Wedding receptions each have their own energy. Some call it the vibe or atmosphere. Whatever it is, it is the way the event makes you and your guests feel while you are there and how you remember the day after it has happened. Most of the time it is not possible to know what the vibe will be at an event before you get there, but last month at the wedding of Lindsay & Jon, I knew we were in for a great time.
A wedding reception that happens in the late afternoon or evening should be handled differently than one that happens at night. People are less inclined to dance and “party” during the day than they do at night. If alcohol is served, there is usually less consumed during the daytime events than at night (not always!). And people often have something else to do or somewhere else to go after a daytime wedding reception. So all of these things should be in the mind of a wedding disc jockey when planning the flow of a daytime wedding event. Often times, daytime events are scheduled that way in order to get special pricing discounts for price-sensitive couples. In the case of Lindsay & Jon’s wedding, we did some fun stuff, talked a lot in advance and planned accordingly.
Lindsay had a fantastic display that incorporated a vintage wedding dress from her family. Also, in lieu of a standard guest book, she had an awesome Wish Tree that guests could write a special message on and hang ornament-style in the tree.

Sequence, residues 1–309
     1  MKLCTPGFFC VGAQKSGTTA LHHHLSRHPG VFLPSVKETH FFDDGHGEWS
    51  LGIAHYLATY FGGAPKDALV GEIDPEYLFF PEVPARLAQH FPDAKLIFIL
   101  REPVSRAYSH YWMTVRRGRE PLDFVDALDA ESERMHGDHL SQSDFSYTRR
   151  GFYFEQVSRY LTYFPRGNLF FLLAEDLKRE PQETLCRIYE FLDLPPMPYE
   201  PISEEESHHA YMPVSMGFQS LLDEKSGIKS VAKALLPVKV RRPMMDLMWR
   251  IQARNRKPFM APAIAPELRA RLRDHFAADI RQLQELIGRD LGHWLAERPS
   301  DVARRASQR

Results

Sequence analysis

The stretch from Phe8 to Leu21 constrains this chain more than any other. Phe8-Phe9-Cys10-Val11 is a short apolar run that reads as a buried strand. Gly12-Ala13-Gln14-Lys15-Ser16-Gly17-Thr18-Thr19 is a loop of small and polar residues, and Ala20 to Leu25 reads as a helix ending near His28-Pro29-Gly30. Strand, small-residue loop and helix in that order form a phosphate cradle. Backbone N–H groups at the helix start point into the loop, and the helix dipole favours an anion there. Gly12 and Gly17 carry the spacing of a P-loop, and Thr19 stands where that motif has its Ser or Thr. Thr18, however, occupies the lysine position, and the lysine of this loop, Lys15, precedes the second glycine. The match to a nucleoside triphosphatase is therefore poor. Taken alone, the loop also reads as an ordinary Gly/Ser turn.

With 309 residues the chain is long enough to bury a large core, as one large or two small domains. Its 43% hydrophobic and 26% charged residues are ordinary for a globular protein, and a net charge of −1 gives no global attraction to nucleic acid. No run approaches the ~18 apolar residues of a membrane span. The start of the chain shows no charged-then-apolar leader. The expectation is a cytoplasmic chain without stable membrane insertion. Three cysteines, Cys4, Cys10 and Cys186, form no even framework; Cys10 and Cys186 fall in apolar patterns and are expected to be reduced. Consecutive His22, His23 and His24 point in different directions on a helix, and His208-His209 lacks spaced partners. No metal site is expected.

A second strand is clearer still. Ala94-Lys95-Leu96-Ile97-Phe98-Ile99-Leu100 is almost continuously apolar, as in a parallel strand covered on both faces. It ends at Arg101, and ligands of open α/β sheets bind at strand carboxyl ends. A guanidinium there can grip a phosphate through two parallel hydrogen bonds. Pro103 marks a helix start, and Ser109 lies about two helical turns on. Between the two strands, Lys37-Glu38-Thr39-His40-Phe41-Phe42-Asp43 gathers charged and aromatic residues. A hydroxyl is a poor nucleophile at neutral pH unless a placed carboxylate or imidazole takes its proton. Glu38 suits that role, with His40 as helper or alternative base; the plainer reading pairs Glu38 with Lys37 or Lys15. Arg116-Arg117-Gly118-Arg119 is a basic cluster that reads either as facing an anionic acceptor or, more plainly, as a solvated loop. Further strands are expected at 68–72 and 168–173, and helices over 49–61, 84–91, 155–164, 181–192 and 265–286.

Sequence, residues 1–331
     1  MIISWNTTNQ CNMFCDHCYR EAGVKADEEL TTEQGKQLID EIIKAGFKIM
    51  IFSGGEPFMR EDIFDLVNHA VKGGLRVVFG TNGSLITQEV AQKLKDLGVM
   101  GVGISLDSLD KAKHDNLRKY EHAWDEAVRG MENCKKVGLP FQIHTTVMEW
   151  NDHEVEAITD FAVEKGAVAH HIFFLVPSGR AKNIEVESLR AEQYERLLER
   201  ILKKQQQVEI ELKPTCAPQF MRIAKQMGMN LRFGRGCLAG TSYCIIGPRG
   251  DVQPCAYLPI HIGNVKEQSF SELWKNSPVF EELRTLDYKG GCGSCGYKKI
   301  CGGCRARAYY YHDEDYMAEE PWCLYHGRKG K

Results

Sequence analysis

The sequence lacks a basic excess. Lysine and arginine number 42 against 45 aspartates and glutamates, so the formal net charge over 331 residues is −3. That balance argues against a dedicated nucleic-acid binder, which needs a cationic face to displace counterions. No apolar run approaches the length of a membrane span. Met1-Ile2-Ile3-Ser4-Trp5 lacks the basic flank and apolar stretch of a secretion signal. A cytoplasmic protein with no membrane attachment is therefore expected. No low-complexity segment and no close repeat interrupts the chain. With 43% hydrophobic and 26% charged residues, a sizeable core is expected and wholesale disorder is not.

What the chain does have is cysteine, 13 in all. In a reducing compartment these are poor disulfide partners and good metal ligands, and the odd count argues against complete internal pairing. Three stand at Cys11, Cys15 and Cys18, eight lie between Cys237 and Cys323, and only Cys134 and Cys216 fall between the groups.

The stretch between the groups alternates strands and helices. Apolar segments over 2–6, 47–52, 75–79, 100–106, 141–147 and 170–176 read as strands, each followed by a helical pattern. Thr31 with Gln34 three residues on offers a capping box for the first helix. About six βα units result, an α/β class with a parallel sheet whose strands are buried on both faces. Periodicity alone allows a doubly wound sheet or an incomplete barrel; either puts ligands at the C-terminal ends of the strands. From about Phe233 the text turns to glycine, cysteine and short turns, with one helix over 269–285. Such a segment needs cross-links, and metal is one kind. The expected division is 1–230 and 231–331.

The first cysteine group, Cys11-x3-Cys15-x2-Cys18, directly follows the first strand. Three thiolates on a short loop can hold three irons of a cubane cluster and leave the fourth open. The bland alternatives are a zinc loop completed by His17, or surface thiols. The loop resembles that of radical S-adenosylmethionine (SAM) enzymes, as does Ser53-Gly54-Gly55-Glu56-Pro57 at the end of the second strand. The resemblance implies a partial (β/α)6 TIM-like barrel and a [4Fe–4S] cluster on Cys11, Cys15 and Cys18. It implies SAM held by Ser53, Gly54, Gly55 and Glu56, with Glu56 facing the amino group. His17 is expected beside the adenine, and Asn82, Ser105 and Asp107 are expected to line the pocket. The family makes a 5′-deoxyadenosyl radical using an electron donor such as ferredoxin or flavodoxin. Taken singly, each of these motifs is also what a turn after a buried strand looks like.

Color-wash lights were used in the room to enhance the decor even though the room was the brightly & naturally lit fellowship hall at St. Joseph’s Catholic Church in Richardson.
When planning her event, Lindsay and I talked a lot about music selection. Wants and don’t-wants. Specific songs and artists that they would like to hear and, ofcourse, special dances. I even created a special music edit in my studio to make their grand entrance truly one-of-a-kind.
But even the best songs ever written will not always succeed in getting guests up to dance during the middle of the afternoon – so what’s a DJ to do? The fear of having an obnoxious, over-bearing DJ is often expressed to me by my brides, so I am always careful when putting together events that encourage and engage the guests at a wedding reception. I never want to embarrass a guest or have fun at someone else’s expense. So we have special music tools that can be used to gently encourage dancing and celebrating such as an anniversary dance or couples dances. We even can help the guests get to know their newlywed couple better by playing a wedding Question & Answer game.
All of these options are discussed in advance and used only when appropriate. Then as guests feel more comfortable in the party atmosphere of the afternoon, the formalities melt away and the smiles come out. People loosen-up and start to wiggle in their seats. Then when the right song is played, people can’t help but get up out of their seats and dance – even when all the lights are on at five o’clock in the afternoon!